The National Center for Transportation Studies (NCTS) of the University of the Philippines Diliman has a new Director. Dr Ma. Sheilah G. Napalang of the School of Urban and Regional Planning (SURP) succeeds Dr Hilario Sean O. Palmiano of the College of Engineering. Dr Napalang becomes the 5th Director of the NCTS since the latter’s transformation from the Transport Training Center (TTC) in the early 1990s, not counting the two OICs over that period.
Dr. Napalang receives the symbolic key from Dr Palmiano
Dr Napalang was a former top senior technical staff of the NCTS before she joined the faculty of SURP after a short stint at the Asian Institute of Tourism (AIT) of the same university. Prior to joining UP, she was a faculty member and former Chair of the Department of Civil Engineering of Xavier University in Cagayan De Oro City in Mindanao. Dr Napalang obtained her B.S. Civil Engineering degree at Xavier University, her master’s at Virginia Tech in the US, and her doctorate at Tokyo Tech in Japan. She has done work on sustainable transport and the viability of transport systems. She has also contributed to the Cebu Bus Rapid Transit (BRT) project and the formulation of the National Environmentally Sustainable Transport (EST) Strategy. Her most recent publications are:
- Challenges of Urban Transport Development in Metro Manila: A look back at the last 40 years (lead author)
- State of Pavement Engineering in the Philippines and Implications on the Economic Life of National Roads (lead author)
These papers were presented at the recent 11th International Conference of the Eastern Asia Society for Transportation Studies (EASTS) held in Cebu City last September 2015.
Congratulations to Dr. Napalang for her new appointment, and thank you to Dr. Palmiano for his contributions as NCTS Director!
There is a nice article that appeared last April 1, 2016. I hope it is not an April Fool’s type of an article.
Reading the article reminded me of a lot of similar concerns surrounding public transport projects currently being constructed and those in the proposal and pipeline stages in Philippine cities. It seems though that there are still many people who have little appreciation of the benefits of modern public transport systems. Aside from Metro Manila and perhaps Cebu City, there is little clamor for modern mass transit systems. People tend to take commuting for granted with modes that they have grown up with like buses, jeepneys and tricycles until they start to experience first-hand the pains of traveling using inferior transport on severely congested roads. But even then, most seem to take it in stride and carry on, carrying their crosses in a state of purgatory that seems to have no end in sight.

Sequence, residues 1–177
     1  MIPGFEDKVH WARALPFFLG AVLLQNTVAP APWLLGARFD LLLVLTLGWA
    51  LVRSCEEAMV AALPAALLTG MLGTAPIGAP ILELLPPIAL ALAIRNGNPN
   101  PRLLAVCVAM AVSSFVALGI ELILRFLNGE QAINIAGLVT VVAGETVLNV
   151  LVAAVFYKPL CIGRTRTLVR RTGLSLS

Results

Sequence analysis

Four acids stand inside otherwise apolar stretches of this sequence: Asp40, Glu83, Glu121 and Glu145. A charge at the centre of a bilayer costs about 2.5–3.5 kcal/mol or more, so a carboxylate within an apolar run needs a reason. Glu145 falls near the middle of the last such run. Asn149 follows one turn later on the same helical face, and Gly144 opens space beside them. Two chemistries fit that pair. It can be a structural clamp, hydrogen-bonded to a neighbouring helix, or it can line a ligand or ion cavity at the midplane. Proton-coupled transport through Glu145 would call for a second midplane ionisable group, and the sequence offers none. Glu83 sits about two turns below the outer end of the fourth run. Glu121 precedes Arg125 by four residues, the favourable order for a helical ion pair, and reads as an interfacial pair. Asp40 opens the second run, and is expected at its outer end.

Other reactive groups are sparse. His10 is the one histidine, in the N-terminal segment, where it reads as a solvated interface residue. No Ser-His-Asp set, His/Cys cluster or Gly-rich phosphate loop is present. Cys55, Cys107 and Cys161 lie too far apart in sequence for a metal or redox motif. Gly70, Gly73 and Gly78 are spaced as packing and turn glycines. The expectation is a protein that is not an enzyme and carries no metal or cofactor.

My recent trip to Singapore allowed me to take a few photos of the departure area of the Ninoy Aquino International Airport (NAIA) Terminal 3. This is the same terminal that had a blackout recently that drew a lot of flak from a lot of people, and for which the airport manager was supposed to have attributed to bad luck (malas). I don’t agree as many of the problems of the NAIA terminals are the outcomes of poor management that, in other airports in other countries, would result in the manager’s firing.
Directional signs and spaces reserved for future shops greet the traveler as he/she enters the area after the final security check.
A view of the international departure wing’s expanse with an electric cart for passengers requiring transport assistance
There are now more duty free shops at this wing unlike a few years ago when I was traveling frequently between Manila and Singapore.
Passengers walking past the shops
There are more choices now for duty free shopping and those returning to Manila may want to take advantage of the ‘travel light’ promo of Duty Free Philippines, which gives returning passengers 5% discount on their purchases. Items will be collected upon their return to Manila.
Seats for one of the gates at NAIA T3’s international departure wing
There are still TVs there and all of them were showing replays of NBA games
There was a clamour for public officials to take public transportation in order for them to experience what commuters regularly go through when taking public transport. This was especially the challenge to officials of the Department of Transportation and Communications (DOTC) after what seemed to be an endless sequence of breakdowns involving trains in Metro Manila. While some officials and politicians were quick to respond, most if not all were only for photo opportunities (masabi lang na nag-MRT or nag-jeepney or nag-bus). The DOTC Secretary himself also rode the train but with many alalays and was apparently given special treatment judging by the conditions when he rode the train. I remember one senator who was presidential-candidate-to-be at the time fall in line (a very long line at that) at an MRT3 station in Quezon City to experience it herself and declared it was so the experience could help her frame legislation to improve public transport in the country. That was rare and apparently never repeated by the politician despite the praises she received for her doing so without any bodyguards or alalays (assistants).